going to be for Vladimir Horowitz or for Joe Jones. It's exactly
the same. There's no second tier or third tier - the artist gets
one quality and everybody else gets another. It's just one tier
long enjoyed the distinction of being the instrument of choice
among major concert artists. The company maintains a roster of
about 1,200 such artists, who range from Van Cliburn and Alfred
Brendel to Billy Joel and Harry Connick Jr.
purchase of any grand piano, which can range from $32,400 for
a baby grand to more than $100,000 for a 9-foot concert grand,
constitutes a major financial investment. But buyers can rest
assured that a Steinway piano will not only hold its value, but
Two months ago,
John Lennon's Steinway, an upright piano he bought in 1970 for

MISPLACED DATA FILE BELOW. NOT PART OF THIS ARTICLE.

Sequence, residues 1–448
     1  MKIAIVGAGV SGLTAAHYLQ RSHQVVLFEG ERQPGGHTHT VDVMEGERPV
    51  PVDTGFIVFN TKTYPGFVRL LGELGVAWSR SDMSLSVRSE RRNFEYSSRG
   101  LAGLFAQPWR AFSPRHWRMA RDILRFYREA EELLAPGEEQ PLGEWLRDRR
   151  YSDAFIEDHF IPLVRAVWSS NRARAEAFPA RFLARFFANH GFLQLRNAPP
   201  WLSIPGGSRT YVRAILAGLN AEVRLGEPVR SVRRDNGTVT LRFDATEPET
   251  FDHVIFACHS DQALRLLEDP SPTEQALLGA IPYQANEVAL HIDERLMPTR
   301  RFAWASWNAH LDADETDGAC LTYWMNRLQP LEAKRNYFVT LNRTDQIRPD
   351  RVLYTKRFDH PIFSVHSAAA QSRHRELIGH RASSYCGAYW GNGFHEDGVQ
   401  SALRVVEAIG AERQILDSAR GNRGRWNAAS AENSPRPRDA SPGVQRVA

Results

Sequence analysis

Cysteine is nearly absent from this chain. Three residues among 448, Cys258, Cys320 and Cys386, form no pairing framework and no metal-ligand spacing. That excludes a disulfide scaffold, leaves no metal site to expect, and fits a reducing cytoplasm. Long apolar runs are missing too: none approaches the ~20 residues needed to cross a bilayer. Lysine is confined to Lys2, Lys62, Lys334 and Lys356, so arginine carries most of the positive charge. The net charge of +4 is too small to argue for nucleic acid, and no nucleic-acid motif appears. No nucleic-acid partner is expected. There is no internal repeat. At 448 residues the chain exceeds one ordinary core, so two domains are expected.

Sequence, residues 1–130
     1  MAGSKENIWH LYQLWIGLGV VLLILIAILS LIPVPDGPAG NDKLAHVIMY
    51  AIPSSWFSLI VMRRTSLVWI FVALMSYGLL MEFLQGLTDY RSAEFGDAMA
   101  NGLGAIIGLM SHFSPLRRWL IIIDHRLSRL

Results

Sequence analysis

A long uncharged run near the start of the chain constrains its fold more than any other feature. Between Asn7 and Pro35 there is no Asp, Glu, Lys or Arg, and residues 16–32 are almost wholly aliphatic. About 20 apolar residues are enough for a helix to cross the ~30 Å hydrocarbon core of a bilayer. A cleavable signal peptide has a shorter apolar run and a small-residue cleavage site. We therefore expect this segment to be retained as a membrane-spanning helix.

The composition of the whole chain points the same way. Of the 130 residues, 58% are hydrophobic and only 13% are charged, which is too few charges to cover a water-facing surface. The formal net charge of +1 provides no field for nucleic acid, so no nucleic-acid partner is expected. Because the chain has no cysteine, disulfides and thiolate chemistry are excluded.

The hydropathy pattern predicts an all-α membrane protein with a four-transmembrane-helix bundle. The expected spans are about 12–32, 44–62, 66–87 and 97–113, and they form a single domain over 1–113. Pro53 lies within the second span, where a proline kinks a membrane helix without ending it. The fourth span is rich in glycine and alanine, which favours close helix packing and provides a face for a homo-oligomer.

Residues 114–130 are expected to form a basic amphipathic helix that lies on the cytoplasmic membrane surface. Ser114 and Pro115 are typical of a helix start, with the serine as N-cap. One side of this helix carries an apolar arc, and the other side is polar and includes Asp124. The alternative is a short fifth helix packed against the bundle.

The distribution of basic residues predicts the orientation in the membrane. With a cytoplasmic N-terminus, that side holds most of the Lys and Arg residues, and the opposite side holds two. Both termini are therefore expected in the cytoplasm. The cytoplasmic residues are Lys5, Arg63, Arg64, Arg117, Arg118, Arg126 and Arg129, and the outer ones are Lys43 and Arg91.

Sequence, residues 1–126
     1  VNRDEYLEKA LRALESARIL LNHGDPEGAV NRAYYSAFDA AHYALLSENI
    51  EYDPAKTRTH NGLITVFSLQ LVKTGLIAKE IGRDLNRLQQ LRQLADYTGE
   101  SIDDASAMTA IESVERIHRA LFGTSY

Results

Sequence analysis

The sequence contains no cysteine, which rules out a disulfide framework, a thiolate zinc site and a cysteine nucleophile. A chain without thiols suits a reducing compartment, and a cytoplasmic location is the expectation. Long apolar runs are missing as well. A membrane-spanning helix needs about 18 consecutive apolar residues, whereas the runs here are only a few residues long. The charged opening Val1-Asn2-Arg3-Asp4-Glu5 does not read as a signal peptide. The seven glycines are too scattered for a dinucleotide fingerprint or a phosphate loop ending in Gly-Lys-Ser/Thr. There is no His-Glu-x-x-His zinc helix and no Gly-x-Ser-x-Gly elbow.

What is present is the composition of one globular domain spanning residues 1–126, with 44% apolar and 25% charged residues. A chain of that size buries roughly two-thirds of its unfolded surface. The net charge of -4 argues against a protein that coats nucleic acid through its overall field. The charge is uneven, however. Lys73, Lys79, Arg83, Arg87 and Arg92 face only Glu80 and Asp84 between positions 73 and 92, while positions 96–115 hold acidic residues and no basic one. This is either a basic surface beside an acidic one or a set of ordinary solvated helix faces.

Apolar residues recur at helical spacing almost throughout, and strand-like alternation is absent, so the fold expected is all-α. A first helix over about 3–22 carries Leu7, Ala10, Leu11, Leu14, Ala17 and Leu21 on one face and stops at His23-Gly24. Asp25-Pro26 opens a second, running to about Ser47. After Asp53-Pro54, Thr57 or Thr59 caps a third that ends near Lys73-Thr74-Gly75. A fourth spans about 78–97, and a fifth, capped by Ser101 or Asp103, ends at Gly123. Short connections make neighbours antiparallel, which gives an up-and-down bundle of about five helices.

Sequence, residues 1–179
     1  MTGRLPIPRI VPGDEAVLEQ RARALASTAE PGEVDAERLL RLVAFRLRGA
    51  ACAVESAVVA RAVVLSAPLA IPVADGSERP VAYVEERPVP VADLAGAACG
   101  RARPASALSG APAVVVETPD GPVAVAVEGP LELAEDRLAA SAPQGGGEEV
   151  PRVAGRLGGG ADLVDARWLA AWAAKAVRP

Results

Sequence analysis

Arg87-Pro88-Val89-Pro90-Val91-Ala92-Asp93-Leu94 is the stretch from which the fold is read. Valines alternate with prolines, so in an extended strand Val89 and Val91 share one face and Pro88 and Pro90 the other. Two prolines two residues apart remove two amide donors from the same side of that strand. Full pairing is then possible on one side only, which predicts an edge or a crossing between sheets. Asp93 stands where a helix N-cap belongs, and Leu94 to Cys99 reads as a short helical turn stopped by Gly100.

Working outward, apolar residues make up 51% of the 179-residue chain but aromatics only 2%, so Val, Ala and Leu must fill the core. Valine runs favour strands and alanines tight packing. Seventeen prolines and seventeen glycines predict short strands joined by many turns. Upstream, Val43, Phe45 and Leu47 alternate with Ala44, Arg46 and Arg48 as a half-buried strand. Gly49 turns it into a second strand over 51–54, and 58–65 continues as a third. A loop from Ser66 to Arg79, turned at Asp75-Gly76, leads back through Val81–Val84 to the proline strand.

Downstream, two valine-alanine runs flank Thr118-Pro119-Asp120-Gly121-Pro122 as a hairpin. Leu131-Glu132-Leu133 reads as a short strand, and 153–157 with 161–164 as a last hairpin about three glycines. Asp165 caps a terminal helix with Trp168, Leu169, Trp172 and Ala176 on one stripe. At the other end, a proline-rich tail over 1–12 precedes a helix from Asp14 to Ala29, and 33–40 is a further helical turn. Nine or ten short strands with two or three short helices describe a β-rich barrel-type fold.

$1,500, sold in London for a record $2.2 million. And while that
is obviously a special case, most pianos, if properly cared for,
can generally be sold for a handsome profit.
built during the 1930s, '40s and '50s often sell for nearly six
times their original value while those built in the '60s and
'70s typically sell for three times their original cost.
of the workmanship also means that a Steinway piano can last
for generations. Henry Steinway, the 84-year-old great-grandson
of the company's founder, says he's often asked what the life
expectancy of a Steinway piano is. His response is always the
same: the company has been in business for about 147 years so
he doesn't know. Ask him in another 50.
product that in some sense speaks to people and will have a legacy
long after we're gone," Spellman said. "What these
craftsmen work on today will be here for another 50 or 100 years.
as has been true over the past 147 years, enough people will
be interested to keep us in business and keep this treasure alive.
It's a tremendous legacy."